“I feel like a washing machine – everything’s churning round and yet it’s going nowhere.”
“I feel like I’m sinking in it all.”
“This isn’t sustainable.”
These things I’ve heard from leaders I’ve worked with. Men and women who feel swamped. It could be they’ve stepped up into an MD or CEO role where they’re suddenly in the most exposed position they’ve ever known, without development through their transition. Or budgets are cut in in the “reduce costs to maximise profits” race, removing more people from the structure than there are systems or processes to compensate for. Or businesses that have grown so fast, piling the work on those who are there, without stopping to review what’s actually needed to grow sustainably. And sometimes it’s not even any of that. It’s just that sometimes life throws a load of stuff at us all at once – from home, from work, from relationships… and it can be overwhelming.
These people are usually also incredibly committed to doing a great job. People who really care about delivering – for their team, for the business, for their customers.
We all have a need for achievement and for control in our lives. How much achievement or control I require to ensure these needs are met will differ to how much you need, but they are needs which are present to some extent in all of us.
So if we have a need for achievement and control, and our life feels like a washing machine, that’s a tough place to be. Not achieving much and feeling out of control.
This then starts to impact our confidence, we doubt our abilities – “surely I should be able to do all this”, “maybe I’m not capable”, “if I can’t manage all this I might be out of a job”, “I’m not good enough”.
And if we start dropping in confidence, we start being more risk averse. We find it harder to make decisions. We become less effective with our work – which then self-perpetuates the belief that “I’m not good enough”. Your resilience drops.
In this place, we are the victim of our persecuting circumstances.
And we can change it.
I will always, ALWAYS, be so thankful for being introduced to coaching. It’s such an important route for people to stop and examine where they are, in a safe space where they can be entirely themselves and talk freely without judgement.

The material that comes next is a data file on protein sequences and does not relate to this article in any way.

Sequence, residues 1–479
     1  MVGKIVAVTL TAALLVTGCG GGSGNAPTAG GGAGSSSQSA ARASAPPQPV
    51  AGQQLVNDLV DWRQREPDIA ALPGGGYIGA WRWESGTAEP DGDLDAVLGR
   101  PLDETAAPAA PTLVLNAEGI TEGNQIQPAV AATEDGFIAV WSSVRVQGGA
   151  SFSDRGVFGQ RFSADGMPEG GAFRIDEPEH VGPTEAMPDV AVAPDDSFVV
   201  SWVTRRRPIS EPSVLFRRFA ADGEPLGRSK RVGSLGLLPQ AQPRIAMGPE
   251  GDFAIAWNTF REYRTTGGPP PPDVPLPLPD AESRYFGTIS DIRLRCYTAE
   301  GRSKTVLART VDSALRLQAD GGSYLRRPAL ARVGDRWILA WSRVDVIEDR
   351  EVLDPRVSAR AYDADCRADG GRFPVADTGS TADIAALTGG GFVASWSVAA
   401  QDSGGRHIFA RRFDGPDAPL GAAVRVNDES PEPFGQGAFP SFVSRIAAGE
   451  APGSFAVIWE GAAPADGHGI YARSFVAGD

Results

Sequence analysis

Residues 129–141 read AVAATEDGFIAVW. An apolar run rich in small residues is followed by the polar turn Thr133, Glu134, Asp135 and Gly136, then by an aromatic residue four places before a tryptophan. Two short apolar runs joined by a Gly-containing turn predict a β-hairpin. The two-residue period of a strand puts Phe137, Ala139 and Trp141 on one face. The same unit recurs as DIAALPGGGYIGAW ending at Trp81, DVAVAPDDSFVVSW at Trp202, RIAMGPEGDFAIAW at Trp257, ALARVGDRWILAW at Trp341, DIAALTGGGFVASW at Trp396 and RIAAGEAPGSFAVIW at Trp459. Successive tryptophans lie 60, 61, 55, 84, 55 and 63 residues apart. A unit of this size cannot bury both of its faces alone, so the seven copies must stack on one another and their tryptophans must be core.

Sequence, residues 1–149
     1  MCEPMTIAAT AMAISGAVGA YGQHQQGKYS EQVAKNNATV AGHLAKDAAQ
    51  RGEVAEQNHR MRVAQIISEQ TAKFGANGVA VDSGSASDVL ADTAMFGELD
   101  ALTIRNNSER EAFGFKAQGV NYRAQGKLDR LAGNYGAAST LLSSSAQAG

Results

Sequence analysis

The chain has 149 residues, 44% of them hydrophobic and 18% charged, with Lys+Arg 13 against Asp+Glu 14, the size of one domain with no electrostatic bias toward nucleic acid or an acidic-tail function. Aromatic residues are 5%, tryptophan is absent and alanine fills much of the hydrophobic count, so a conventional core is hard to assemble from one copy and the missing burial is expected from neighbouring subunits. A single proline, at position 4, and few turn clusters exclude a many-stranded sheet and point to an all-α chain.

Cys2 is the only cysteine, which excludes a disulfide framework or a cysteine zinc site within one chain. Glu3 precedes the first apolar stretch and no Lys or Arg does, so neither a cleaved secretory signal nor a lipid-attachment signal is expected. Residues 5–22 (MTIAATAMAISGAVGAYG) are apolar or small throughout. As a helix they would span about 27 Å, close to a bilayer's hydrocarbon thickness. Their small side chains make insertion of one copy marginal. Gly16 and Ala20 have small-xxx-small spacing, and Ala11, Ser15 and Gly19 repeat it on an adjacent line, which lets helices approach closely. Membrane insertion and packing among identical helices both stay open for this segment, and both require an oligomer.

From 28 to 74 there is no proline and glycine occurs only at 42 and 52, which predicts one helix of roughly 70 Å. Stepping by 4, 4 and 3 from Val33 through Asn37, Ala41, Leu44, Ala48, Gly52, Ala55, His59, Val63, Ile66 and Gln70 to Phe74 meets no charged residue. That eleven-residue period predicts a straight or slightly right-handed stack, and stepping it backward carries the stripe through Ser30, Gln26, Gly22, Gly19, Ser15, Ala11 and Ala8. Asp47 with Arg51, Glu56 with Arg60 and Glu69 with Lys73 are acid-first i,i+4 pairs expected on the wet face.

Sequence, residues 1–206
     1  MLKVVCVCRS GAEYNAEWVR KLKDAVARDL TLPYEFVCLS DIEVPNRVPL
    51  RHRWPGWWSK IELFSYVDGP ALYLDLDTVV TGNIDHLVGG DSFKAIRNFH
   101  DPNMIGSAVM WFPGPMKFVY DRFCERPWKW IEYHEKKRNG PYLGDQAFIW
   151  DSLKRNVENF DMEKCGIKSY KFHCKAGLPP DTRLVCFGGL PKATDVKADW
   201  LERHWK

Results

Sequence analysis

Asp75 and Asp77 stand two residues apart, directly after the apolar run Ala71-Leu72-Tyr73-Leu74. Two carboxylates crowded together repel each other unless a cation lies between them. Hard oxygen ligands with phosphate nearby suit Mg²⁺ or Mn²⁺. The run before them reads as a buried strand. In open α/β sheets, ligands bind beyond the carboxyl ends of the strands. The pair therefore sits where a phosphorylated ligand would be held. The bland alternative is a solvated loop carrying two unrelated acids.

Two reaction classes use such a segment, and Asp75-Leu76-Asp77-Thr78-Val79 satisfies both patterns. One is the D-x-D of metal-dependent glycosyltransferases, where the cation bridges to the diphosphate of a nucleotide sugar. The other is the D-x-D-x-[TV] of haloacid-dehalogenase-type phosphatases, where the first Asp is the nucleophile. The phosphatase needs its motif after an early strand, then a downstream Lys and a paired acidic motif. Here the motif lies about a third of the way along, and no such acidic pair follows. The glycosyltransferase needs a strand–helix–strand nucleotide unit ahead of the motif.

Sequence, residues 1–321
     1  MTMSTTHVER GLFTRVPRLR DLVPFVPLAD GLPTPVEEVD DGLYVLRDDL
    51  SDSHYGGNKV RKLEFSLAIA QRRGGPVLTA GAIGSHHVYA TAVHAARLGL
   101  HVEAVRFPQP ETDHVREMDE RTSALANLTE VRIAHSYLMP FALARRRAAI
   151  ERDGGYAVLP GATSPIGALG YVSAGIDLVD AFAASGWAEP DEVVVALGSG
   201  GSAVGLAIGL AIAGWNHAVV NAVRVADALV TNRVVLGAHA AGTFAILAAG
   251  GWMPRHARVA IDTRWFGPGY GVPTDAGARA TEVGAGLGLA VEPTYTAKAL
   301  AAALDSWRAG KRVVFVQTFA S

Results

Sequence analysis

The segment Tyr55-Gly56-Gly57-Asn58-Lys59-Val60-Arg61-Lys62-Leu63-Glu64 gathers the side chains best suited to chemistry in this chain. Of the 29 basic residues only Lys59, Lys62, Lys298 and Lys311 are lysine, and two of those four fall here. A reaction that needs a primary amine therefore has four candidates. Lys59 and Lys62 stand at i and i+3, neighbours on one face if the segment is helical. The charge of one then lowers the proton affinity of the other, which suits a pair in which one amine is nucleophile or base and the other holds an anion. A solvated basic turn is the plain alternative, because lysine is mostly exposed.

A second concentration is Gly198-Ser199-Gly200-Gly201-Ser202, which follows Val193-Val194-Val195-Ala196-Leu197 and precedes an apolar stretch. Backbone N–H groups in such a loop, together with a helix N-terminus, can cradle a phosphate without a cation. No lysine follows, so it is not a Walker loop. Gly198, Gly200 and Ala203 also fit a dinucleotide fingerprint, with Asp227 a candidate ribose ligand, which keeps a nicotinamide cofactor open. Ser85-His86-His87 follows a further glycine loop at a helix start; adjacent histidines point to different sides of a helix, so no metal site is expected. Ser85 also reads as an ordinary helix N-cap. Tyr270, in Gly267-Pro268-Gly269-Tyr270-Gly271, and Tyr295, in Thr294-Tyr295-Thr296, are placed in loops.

Stopping and thinking with a coach helps you raise your awareness to what’s really going on – maybe spotting that there’s been more good stuff happening than you thought, or maybe noticing all the challenges that have been going on and cutting yourself some slack in recognition of the cumulative effect.
And then moving forward from that point – choosing what, if anything, you want to change, exploring what you can take control of amongst all the stuff that feels currently out of reach. Building self-belief, ticking off some achievements, growing a feeling of control, empowerment and resilience.
The Ladder of Accountability is a great model to describe the stages you can go through with situations like this. In the lower stages a growing volume of concerns or problems might have been rumbling away in the background for some time. Then, for whatever reason, they come more sharply into your awareness. At this point you acknowledge reality – you might be saying “this can’t go on, I need some help” and although you might not be entirely clear on everything that’s involved, or how to get to solutions, you’re committed to something changing.
Coaching then helps you untangle the clothes that have been tumbling in the wash for so long, you can hang them up and see clearly what’s there. From that point of clarity you can step through the upper stages of the ladder – into a place where you’re choosing your actions – back in control and achieving.
I care about making work better, and for me that means enabling leaders to navigate all the stuff that goes on for them, and about which they often have very few, if any, people to completely, openly talk to.
We can only help others put on their oxygen masks if we put our own on first.
So where’s your oxygen mask?
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